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Chase Revives Debit Rewards Program after Durbin Amendment Delay

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[Update June 9th, 2011: Now that Jon Tester’s challenge to the Durbin Amendment failed, Chase will end its debit rewards program as planned.]

Remember how Chase said they’d stop their debit rewards program because of the Durbin Amendment? In March, they began telling their customers that debit accounts, which would become far less profitable,  would stop accruing rewards come July.  Well, now that interchange fee regulation is on the rocks, Chase is thinking about bringing rewards checking back.

The bank pinned the death of debit rewards on swipe fee regulation. “Congress recently enacted a new law known as the Durbin Amendment that significantly impacts debit cards. As a result of this law, we will be changing our debit rewards program,” it said in a letter to rewards checking customers announcing the program’s cancellation.

Interchange regulation gets off track

But the law hit a snag: last week, Chairman of the Federal Reserve Ben Bernanke told Congress that he wouldn’t be able to make the deadline for announcing the regulations. The Federal Reserve’s delay is widely seen as a victory for banks opposed to interchange fee regulation.

Chase certainly believes they’ve been granted a stay of swipe fee execution. They’ll continue their rewards program though July, and will waive newly levied monthly fees on some checking accounts. And like they did when they announced the end of the rewards program, they made clear the cause-and-effect relationship.

“Chase had to make changes to the benefits we extend to customers due to the pending economic impact of the Durbin Amendment. If Congress delays the implementation of the new law…we will waive the service fee and continue the popular debit rewards benefit while they do so,” a Chase employee confirmed.

Chase to Congress: the future of rewards rests on you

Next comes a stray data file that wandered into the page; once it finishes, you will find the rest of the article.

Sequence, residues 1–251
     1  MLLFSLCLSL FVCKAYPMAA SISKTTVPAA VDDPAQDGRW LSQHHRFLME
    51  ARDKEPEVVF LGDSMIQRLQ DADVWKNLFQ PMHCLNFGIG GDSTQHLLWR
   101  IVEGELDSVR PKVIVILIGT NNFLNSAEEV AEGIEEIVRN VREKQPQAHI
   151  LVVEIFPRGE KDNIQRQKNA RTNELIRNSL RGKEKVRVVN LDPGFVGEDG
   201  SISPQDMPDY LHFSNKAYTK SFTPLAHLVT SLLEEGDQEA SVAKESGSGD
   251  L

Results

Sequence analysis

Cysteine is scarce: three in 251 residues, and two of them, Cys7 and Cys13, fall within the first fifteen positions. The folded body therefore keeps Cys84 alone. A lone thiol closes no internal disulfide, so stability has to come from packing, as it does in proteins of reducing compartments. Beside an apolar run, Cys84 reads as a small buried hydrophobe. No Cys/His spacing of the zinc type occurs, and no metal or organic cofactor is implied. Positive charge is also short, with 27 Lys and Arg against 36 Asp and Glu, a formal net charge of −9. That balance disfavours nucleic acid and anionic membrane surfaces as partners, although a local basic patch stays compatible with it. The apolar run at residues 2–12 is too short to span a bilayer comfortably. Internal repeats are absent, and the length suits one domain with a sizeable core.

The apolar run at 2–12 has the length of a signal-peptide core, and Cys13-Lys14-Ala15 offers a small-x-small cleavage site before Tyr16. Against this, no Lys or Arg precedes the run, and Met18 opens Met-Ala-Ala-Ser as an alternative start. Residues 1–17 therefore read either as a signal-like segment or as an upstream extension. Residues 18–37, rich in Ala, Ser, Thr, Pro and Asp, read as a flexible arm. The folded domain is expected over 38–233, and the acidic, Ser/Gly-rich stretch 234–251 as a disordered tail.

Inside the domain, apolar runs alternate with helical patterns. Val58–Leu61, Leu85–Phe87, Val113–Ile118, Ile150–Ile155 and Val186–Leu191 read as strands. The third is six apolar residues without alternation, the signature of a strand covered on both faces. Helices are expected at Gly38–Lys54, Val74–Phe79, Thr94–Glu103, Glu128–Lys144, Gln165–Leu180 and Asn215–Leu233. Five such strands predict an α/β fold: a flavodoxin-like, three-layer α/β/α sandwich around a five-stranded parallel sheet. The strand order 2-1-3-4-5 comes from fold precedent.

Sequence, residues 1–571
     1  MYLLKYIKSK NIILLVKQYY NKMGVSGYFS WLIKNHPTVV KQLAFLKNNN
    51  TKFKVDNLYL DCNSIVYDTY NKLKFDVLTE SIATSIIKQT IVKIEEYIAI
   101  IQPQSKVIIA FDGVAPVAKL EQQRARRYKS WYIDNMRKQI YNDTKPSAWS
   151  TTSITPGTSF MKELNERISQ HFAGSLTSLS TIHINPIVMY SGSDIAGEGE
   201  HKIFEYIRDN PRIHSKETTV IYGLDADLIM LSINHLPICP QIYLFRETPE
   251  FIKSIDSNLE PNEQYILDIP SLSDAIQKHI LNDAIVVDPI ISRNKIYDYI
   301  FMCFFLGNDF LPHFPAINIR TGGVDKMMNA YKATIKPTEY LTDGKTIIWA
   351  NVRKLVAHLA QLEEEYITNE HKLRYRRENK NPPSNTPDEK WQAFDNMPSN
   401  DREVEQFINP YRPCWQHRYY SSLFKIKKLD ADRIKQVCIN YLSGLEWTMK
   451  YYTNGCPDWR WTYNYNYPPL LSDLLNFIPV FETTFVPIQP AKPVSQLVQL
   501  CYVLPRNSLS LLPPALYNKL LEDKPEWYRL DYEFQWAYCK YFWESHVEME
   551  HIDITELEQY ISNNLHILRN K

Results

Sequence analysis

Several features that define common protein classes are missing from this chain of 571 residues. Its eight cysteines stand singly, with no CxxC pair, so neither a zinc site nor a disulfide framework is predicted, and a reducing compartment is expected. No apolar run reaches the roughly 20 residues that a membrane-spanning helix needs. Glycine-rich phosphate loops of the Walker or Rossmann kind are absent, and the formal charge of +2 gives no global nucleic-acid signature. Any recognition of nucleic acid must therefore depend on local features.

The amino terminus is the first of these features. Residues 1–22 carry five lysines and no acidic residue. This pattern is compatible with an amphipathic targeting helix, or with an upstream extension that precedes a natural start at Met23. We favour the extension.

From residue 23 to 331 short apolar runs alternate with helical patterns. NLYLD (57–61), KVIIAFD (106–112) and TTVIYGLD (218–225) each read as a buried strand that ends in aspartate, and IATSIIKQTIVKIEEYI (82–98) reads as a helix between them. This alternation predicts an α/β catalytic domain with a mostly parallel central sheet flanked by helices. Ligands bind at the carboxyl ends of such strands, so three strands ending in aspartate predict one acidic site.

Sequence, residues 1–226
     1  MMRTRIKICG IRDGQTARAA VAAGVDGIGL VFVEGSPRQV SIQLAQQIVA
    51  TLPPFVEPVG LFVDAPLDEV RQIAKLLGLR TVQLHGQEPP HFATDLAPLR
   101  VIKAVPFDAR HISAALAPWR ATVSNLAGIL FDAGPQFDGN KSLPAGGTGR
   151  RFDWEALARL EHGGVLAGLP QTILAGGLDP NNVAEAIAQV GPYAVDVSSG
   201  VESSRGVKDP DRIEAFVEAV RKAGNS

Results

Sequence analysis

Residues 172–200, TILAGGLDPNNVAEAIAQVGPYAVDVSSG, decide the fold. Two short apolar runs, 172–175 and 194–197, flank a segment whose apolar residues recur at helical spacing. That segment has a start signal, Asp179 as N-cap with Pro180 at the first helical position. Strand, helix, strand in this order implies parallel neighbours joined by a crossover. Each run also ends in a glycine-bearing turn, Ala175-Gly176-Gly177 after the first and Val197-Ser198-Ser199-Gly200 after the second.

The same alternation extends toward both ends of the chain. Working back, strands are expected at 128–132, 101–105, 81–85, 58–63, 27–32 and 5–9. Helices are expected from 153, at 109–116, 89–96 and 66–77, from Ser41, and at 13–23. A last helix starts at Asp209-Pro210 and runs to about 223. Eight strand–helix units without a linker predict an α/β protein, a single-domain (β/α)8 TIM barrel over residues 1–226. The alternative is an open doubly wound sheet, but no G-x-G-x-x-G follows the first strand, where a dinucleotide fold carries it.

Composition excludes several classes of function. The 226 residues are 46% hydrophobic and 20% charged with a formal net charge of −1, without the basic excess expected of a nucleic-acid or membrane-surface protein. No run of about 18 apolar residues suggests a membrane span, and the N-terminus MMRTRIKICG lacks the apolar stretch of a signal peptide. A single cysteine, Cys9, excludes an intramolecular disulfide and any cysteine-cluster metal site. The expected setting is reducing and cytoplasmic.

Ben Bernanke reiterated his commitment to the July 21st implementation deadline, but members of both houses of Congress, and on both sides of the aisle, now voice their concerns.

Senator Jon Tester (R-Montana) introduced a bill delaying the Durbin Amendment by two years. Representative Shelley Moore Capito, (R-West Virginia), introduced the House version with a one-year delay.

Even Congressman Barney Frank, Democrat of Massachusetts and ranking member of the House Financial Services Committee, announced plans to revise the law.

Chase implored Congress to stall the Durbin Amendment, joining credit unions and banks both large and small in a full-out lobbying barrage. It made perfectly clear that interchange regulation means no debit rewards for consumers. However, should the law be revoked, debit rewards will come back.

“We don’t want to make the changes…but we have to as a result of the economic impact of the law. If the regulations are delayed, we wouldn’t make the changes,” said Ryan McInerney, JPMorgan Chase’s VP of Consumer Banking.

“We will continue debit rewards if the regulation is delayed,” affirmed Chase spokesman Thomas Kelly.

Rewards checking at other banks

Wells Fargo and SunTrust, who joined Chase in scuttling their debit rewards programs, have not announced any plans to resurrect them. Wells Fargo will continue with plans to end rewards checking, and reassess once the rules have been finalized. Pittsburg-based PNC Bank also killed its debit rewards for free checking last month.

Rewards checking is still there for the taking. PerkStreet Financial’s Debit MasterCard gives out 1%+ in rewards if you don’t enter your PIN.

A number of credit unions, too, offer rewards checking. Lake Michigan Credit Union offers 3% APY on its high-yield checking account, and despite the name, anyone in the United States can join with a donation to the West Michigan chapter of the ALS Association.

So, Durbin or no Durbin, rewards checking is still out there. It just takes a little longer to find.